and of whatever else seemed to them desirable. Speaking of England at the close of the tenth century, Ramsay says: "Everything belongs either to the king or the lord. Thus in England the national peace is now the king's peace; the State domain — the folkland - is terra regis. The township has become the lord's manor, the township waste the lord's waste, the township court the lord's court.” And, quoting Stubbs: “Land has become the sacramental tie of all public relations; the poor man depends on the rich, not as his chosen patron, but as the owner of the land he cultivates, the lord of the court to which he does suit and service, the leader whom he is bound to follow to the host.” It was an enormous distinction that existed between this nobility and their underlings, of which the very structures speak in which these quasi-monarchs passed their days. More or less in ruins, but massive and majestic still, they are every one a fortress built to withstand a siege, perched often on a well-nigh inaccessible height, frowning on all the region around. For these lords distrusted one another as do modern nations, and like them stood in instant readiness for a mortal combat. The common herd on whom fell the drudgery in time of peace, in time of war did the fighting, the bleeding and dying, proud of the glory of their overlords, well content to be the soldiers and serfs of such mighty men. They cultivated for their own maintenance each a little glebe allotted them by the great landlord; in return for which and for his powerful protection, they devoted themselves for a prescribed part of the year, without further compensation, to the work of carrying on his extensive agricultural and other operations, and gave him also unrestricted military service as occasion might require. It was a condition only a step above slavery, but having this one advantage: it made the toiler's security from starvation depend on his own diligence in the cultivation of the ground allotted for his exclusive use. This, while it did not lessen, but tended rather to increase the severity of his toil as compared with that of the slave, did give a moiety of independence, and, for that major part of the time that he was his own master, a basis for self-respect. He need not starve, as in a crisis one who depends on wages may.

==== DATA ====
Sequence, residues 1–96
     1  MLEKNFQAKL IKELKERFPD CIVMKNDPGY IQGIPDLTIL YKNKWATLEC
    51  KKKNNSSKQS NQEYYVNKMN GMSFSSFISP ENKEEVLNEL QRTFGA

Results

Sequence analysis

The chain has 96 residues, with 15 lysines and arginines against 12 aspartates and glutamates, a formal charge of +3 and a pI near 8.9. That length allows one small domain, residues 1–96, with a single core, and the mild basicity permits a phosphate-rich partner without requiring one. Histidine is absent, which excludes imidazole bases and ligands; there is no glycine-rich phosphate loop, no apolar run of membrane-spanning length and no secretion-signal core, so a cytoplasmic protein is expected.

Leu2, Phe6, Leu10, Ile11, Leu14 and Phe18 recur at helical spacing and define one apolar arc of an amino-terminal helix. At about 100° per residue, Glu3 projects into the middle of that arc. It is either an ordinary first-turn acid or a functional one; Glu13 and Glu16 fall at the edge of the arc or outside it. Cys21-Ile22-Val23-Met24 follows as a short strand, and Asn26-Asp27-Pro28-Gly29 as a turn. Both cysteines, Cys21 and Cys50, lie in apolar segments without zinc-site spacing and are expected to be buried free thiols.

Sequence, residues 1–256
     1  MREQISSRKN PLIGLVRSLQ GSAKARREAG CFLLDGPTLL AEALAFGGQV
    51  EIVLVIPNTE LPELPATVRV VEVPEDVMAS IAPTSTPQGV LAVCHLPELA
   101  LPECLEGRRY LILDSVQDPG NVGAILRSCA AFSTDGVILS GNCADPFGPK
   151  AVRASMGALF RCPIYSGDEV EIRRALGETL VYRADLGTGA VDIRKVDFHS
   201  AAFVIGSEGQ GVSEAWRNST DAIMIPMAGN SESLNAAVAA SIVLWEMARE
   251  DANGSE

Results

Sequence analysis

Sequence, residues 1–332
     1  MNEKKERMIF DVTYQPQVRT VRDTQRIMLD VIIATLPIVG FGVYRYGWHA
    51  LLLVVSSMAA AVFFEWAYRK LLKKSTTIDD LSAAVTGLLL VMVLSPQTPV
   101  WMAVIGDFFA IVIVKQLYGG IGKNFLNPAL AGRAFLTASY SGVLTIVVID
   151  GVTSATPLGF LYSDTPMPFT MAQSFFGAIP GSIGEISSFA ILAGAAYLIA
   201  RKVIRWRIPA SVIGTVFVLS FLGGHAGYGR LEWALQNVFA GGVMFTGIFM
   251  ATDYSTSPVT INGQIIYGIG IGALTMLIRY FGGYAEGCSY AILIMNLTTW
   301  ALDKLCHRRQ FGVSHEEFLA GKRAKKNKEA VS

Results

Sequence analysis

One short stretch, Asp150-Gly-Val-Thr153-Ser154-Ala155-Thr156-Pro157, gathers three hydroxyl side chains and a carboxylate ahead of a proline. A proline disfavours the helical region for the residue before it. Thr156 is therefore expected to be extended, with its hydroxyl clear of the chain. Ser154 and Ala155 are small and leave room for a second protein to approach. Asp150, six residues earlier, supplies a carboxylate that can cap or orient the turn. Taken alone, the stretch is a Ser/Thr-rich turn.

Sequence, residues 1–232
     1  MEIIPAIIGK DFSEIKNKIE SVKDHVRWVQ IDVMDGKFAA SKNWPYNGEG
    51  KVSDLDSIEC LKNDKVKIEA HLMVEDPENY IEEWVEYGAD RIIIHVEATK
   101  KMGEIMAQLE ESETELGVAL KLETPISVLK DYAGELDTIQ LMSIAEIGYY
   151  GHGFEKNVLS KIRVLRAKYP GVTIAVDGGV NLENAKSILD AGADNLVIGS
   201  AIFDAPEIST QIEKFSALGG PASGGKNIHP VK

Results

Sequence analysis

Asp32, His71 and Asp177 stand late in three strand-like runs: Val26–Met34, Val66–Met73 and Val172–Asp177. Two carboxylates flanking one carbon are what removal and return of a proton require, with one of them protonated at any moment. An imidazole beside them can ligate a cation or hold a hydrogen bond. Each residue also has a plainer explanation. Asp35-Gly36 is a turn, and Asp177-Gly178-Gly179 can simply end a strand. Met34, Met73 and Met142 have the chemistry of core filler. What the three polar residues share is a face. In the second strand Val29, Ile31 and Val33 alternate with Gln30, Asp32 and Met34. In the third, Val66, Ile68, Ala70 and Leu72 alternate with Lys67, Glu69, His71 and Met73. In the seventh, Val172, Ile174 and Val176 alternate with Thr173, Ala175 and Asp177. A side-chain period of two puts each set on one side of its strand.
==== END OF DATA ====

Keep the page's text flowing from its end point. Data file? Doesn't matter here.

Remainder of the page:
Between these extremes of feudal society were the artisans, the tradesmen, the professional people, forming a middle class which enjoyed a few privileges denied the humbler sort. As time went on, as manufacture and commerce slowly developed, this middle class increased in numbers, acquired wealth, came to wield an influence. The feudal lords felt a new and portentous breath moving upon the dead waters of mediævalism, and began to lose their grip on the world; and when, in the latter half of the eighteenth century, the great epoch of steam-power and laborsaving machinery came, bringing upon the scene manufacturing and merchant princes rivaling them in wealth and leaving them out of sight behind in enterprise, the days of feudalism were numbered. The old order went down, but not without a struggle, for it was entrenched in custom and had behind it the arm of civil authority. Here and there the change was inaugurated by a bloody revolution; but everywhere it came, whether by sudden, violent outbreaks or peacefully by slow degrees, and the epoch of industrial capitalism, which still continues, was ushered in. Before the middle of the nineteenth century the middle class was everywhere politically in the ascendant. They transformed absolutism in all civilized countries into constitutional government. As some of them grew vastly rich, they assimilated by affinity all that was left of the old order, and created themselves — or within themselves a new aristocracy; so ceasing to be a middle, and becoming the upper class, with only the proletariat and friends of the proletariat in opposition. The social outcome of it all was, a new form of oppression, so certain is it that whoever gets on top will play the tyrant.


The revolution of the world's system of industry brought about in the last years of the eighteenth century by the substitution of machine for hand work, of great factories for simple domestic production in multitudinous scattered homes, had the effect not only to leave many without work, but to crowd the